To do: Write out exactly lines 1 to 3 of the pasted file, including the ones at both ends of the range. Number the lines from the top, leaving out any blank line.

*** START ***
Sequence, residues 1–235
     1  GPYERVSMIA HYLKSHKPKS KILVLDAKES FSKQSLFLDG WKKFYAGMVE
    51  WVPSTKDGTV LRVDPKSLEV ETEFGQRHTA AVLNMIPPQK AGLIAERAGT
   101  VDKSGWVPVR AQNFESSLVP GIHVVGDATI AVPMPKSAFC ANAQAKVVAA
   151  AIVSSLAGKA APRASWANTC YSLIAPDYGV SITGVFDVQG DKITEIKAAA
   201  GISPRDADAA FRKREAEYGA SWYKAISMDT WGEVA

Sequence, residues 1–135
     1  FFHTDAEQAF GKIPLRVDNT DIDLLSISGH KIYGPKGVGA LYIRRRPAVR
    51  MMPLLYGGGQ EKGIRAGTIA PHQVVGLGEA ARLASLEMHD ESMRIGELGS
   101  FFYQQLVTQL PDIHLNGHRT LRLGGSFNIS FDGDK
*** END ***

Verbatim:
Sequence, residues 1–235
     1  GPYERVSMIA HYLKSHKPKS KILVLDAKES FSKQSLFLDG WKKFYAGMVE
    51  WVPSTKDGTV LRVDPKSLEV ETEFGQRHTA AVLNMIPPQK AGLIAERAGT